EAT in Zurich:
Breakfast in England - always worth a discussion. Some smile about it and many refuse it, but it has cult status anyway. And the Lion even serves Guiness with it. For breakfast? So what the heck, some guests think and stuff themselves on bacon, sausages, beans and fried eggs. The vitamins in the form of grilled tomato are only garnish, but there is orange juice, coffee, tea - or beer - with it. But is beer not a bit too early? No, there is no "too early" at the Lion because guests can enjoy breakfast any time, even late at night. And then the beer is a good choice again. Yet one question remains unanswered: Why do the English, as loftily as they are having tea, serve breakfasts that make every fitness trainer faint? The answer is: for tradition's sake and because it tastes good. And if you are having brunch at the Lion, you better stay and have another beer, another toast or another helping of brown sauce.
What you understand by that corresponds to your imagination. Kronenhalle means dinner deluxe for royalties or those that want to become a nobleman or noblewoman. You'll find Matisse and Kandinsky on panelled walls, there's a lot of crystal on white table-cloths and Picasso and James Joyce are on the guest list. The atmosphere is dark and dapper, perfect for a business agreement between bankers or the small bite preceding an opera evening. But not only are the guests classics at the Kronenhalle but also is the menu. Instead of Nouvelle Cuisine it is tradition that is served here on silver platters: Wiener Schnitzel (astonishingly!) and veal bratwurst with hash browns. You also get French Fries at the otherwise conservative restaurant. And if you are tempted to try the "Mistkratzerli" you've become a true fan of Zurich.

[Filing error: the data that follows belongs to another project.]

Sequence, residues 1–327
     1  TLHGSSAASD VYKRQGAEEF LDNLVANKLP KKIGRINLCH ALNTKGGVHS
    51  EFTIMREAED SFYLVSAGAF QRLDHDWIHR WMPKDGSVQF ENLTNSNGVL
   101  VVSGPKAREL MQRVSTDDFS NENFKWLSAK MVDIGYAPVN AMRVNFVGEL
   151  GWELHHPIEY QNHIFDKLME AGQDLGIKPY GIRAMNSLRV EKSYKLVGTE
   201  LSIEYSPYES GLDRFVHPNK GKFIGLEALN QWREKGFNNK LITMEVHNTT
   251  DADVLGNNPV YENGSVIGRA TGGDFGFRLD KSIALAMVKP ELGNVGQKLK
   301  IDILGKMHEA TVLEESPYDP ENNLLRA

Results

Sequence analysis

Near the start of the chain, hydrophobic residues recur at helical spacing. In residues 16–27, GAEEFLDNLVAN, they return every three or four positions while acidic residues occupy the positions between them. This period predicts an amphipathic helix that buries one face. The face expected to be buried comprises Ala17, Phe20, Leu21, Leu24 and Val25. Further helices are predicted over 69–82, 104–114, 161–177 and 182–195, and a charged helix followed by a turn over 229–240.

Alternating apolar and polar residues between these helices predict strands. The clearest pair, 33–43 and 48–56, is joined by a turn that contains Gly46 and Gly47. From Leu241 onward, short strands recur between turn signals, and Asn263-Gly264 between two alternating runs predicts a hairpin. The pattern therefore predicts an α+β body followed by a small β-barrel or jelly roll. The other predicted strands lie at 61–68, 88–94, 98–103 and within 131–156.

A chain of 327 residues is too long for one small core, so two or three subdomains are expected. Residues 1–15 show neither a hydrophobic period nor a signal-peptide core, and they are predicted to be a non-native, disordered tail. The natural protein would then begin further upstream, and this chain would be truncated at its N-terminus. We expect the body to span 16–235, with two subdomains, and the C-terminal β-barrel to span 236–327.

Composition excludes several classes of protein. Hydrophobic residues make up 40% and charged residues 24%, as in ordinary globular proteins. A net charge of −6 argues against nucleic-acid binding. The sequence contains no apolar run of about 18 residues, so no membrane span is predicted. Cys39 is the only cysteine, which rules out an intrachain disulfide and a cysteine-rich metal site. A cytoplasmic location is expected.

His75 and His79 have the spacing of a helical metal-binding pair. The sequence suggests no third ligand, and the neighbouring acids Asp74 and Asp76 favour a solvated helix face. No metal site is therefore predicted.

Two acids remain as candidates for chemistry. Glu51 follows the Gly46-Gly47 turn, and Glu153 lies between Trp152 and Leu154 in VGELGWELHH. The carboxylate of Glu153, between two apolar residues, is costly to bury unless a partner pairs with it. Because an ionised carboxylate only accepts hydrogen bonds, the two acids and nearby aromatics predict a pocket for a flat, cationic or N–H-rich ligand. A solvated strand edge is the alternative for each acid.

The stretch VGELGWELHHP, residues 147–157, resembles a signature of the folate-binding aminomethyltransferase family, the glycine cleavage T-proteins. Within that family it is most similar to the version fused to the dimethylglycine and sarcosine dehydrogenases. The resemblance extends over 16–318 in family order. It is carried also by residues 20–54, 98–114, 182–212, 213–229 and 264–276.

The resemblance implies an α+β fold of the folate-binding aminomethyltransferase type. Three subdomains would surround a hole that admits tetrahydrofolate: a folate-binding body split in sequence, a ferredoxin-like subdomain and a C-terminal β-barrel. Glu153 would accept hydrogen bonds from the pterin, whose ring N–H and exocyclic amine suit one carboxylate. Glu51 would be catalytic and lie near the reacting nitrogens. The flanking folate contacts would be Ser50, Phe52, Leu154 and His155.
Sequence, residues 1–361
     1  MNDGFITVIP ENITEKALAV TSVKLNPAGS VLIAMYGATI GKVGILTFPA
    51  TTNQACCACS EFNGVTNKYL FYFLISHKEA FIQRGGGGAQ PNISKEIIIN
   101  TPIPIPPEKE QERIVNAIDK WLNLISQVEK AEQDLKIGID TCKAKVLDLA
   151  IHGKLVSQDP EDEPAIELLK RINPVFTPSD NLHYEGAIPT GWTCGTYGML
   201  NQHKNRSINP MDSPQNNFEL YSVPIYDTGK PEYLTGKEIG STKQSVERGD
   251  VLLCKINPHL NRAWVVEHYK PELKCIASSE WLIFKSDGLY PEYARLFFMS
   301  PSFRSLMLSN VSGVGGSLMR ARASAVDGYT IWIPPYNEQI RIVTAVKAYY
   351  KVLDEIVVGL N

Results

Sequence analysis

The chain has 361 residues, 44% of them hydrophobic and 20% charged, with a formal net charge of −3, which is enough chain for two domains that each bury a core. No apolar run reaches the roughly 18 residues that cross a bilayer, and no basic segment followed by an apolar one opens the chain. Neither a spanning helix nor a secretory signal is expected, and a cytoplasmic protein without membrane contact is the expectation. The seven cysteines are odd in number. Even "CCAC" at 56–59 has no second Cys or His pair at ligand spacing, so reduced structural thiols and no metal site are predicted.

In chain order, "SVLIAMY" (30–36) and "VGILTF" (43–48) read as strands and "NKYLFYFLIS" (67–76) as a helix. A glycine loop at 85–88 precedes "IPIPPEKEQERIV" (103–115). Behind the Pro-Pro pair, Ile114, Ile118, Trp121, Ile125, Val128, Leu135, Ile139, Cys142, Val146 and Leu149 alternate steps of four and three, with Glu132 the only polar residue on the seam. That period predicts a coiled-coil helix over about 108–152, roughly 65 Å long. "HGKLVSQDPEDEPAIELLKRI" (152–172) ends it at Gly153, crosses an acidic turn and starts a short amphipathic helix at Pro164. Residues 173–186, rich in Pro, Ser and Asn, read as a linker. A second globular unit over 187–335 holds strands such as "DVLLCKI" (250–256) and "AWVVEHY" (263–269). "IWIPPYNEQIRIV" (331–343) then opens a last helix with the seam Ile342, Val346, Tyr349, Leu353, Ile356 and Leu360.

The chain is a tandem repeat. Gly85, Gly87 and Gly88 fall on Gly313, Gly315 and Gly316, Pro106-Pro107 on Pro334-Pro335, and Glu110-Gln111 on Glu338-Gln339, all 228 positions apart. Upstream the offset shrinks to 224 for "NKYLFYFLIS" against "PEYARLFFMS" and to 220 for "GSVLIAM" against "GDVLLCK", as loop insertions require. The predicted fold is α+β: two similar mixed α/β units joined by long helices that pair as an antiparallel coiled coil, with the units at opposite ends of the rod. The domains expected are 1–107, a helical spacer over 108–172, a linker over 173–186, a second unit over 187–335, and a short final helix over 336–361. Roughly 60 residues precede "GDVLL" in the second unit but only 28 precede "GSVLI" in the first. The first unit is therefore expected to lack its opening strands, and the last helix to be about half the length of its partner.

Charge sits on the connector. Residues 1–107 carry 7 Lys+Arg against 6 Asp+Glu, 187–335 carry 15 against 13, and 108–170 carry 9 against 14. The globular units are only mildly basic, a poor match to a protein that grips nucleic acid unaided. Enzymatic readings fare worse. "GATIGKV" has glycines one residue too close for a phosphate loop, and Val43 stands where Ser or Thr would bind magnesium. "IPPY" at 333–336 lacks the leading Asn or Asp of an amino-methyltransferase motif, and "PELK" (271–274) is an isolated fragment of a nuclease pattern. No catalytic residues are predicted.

Industrial design: While the Swiss have not invented it, they like it anyway. At the trendy Rosso, for example, they overdo it a bit, with cables hanging loose and bare light tubes on the walls. Also the view you have from the long window front will only appeal to railway fans. Tracks and trains dominate the scene, and dinner is little romantic. But while you can get your water directly from the tap, you have to be patient awaiting your pizza. But when it finally is served, the waiting has been worthwhile. It tastes equally fantastic as the grilled calamari, making up for bare walls and bad service. The clientele that comes here likes the hippie chic because it's part of the scene. Medical students like the clinical surroundings, eagerly dissecting their wood-stove pizzas. Sometimes a local DJ acts as pizza man, unless he is occupied with his own business. All in all the Rosso is certainly an adventure not to be missed - but if you come a second time is a question of patience.
SHOPPING in Zurich: